Bangladesh economy: A resurgence is round the corner!

Bangladesh has to chalk out an innovative and prudently effective financial management to take advantage of its medium category UN human development index value at 0.655 and the rank at 129 in 2021 (133 in 2020) out of 191 countries. Bangladesh is also a low mid-income country as defined by the World Bank.

Until the Covid-19 pandemic broke out in 2020 and then Russia-Ukraine war started last year (not much direct impact on Bangladesh economy), Bangladesh experienced positive annual growth since 1974-75, the last year of the Bangabandhu regime (a staggering 7.8% GDP growth that year). Bangladesh is third in the world in rice production and 4th in vegetable and sweet water fish production. Bangladesh was adjusted to be the fifth best in Covid-19 handling by NIKKEI. Infant mortality is down to under 30 per thousand. Primary and secondary enrolment of girls and boys are in proportion to female:male ratio in the population. The World Economic Forum has found Bangladesh to be second in Asia in gender parity.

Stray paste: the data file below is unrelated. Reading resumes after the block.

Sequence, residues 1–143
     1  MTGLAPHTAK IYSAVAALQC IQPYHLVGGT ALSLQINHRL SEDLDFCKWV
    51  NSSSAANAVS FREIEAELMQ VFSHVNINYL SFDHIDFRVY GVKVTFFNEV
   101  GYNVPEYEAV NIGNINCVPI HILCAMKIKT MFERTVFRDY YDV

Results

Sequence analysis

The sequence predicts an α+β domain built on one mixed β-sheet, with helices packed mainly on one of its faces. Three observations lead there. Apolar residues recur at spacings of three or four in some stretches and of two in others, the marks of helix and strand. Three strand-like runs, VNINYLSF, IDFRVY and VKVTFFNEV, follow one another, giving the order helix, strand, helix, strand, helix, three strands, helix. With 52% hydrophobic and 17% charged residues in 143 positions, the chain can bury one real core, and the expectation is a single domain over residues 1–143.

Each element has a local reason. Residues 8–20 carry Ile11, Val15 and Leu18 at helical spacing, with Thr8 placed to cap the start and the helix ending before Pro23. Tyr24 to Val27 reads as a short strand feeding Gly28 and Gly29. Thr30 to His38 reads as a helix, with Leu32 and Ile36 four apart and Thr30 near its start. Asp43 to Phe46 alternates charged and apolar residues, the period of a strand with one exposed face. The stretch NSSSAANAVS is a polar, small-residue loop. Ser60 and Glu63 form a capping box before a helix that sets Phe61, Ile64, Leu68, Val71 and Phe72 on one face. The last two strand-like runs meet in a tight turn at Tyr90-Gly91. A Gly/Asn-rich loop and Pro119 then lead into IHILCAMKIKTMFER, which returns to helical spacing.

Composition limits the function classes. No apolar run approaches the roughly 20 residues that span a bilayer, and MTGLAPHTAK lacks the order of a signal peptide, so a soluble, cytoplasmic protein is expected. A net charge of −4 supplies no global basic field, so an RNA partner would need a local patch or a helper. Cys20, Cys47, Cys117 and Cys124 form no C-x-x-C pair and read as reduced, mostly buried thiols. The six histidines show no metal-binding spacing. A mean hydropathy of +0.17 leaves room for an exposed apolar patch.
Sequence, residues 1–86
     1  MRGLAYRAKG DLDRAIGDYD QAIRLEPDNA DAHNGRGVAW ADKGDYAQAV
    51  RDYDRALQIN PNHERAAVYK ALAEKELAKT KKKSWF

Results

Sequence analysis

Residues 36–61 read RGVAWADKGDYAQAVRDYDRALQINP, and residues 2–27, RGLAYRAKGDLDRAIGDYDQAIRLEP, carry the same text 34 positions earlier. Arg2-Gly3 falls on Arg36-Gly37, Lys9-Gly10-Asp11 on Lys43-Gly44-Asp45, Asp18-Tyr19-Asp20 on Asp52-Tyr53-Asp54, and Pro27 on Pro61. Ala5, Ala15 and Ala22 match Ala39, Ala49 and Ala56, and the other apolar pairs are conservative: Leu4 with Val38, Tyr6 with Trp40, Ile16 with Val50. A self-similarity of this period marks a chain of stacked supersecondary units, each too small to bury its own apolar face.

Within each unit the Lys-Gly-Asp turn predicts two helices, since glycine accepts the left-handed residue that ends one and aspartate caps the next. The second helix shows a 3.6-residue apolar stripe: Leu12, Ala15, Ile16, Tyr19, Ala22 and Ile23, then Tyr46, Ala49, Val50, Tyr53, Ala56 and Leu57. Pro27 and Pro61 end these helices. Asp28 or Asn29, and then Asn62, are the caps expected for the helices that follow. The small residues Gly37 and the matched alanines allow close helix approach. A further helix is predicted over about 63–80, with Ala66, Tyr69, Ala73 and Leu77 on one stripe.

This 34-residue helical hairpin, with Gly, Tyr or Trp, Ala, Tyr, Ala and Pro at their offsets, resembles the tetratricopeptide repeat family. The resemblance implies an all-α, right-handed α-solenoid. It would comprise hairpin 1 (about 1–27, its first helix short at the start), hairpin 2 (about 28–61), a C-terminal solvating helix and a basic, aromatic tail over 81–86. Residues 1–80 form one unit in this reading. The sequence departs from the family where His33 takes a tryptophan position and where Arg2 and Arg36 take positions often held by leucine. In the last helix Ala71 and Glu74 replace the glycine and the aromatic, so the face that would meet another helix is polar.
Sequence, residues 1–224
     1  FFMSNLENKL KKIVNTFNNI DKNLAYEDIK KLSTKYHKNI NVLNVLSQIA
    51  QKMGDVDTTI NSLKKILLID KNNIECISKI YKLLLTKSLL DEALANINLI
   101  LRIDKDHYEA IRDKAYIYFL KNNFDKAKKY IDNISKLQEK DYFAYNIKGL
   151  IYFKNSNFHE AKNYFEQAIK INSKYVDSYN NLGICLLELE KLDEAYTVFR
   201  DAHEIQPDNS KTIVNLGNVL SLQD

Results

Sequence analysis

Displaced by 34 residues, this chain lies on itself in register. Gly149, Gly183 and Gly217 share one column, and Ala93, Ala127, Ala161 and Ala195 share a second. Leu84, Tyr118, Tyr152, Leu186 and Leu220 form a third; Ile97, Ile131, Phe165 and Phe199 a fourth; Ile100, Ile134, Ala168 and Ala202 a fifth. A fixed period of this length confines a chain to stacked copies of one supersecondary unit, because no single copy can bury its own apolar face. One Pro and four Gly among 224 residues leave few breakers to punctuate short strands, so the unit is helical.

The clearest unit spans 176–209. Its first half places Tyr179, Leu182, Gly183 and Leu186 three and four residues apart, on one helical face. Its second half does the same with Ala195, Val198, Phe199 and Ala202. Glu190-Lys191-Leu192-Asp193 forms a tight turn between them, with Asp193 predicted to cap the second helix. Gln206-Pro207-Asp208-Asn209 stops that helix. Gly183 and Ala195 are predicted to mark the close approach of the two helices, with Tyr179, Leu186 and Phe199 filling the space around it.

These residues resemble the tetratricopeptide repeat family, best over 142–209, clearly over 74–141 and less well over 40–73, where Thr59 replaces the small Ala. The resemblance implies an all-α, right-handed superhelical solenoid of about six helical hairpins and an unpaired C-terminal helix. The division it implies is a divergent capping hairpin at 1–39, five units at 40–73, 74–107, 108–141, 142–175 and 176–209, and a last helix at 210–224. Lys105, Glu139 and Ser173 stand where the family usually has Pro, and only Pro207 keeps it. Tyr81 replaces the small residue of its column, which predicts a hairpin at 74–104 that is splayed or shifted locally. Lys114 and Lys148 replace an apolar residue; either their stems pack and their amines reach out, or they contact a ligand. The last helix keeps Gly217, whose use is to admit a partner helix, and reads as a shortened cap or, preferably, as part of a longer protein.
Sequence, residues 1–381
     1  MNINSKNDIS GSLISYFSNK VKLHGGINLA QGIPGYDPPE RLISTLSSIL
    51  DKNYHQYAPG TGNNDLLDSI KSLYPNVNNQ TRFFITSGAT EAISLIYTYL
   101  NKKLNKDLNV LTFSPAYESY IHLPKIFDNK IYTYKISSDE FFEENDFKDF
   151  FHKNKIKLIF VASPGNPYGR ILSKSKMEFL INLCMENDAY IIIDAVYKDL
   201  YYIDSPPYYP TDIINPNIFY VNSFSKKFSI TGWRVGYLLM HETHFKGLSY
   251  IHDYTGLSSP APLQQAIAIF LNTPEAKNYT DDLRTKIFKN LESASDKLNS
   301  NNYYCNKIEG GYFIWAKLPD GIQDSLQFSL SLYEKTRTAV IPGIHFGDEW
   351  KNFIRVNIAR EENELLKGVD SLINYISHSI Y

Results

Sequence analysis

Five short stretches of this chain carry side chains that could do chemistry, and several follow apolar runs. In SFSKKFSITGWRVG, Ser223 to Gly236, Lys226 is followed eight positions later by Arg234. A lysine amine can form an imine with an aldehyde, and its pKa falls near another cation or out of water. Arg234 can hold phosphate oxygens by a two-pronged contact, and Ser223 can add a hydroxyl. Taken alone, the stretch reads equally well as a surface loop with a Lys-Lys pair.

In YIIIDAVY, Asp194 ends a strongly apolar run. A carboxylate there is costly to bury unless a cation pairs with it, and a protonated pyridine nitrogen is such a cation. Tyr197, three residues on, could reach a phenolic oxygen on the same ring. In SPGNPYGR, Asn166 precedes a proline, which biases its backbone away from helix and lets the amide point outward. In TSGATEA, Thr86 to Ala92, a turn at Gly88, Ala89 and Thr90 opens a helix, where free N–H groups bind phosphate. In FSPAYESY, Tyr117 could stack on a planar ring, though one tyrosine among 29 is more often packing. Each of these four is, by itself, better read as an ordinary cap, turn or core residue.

In the UNDP’s Human Development Report released a few days back, Bangladesh advanced four notches to 129th place in 2021 with an HDI value of 0.655. Bangladesh is ranked above India, Nepal, Pakistan and Afghanistan in South Asia. The rank remains the same at 129 even after the adjustment of the inequality phenomenon! There is thus no doubt that Bangladesh has progressed in many areas.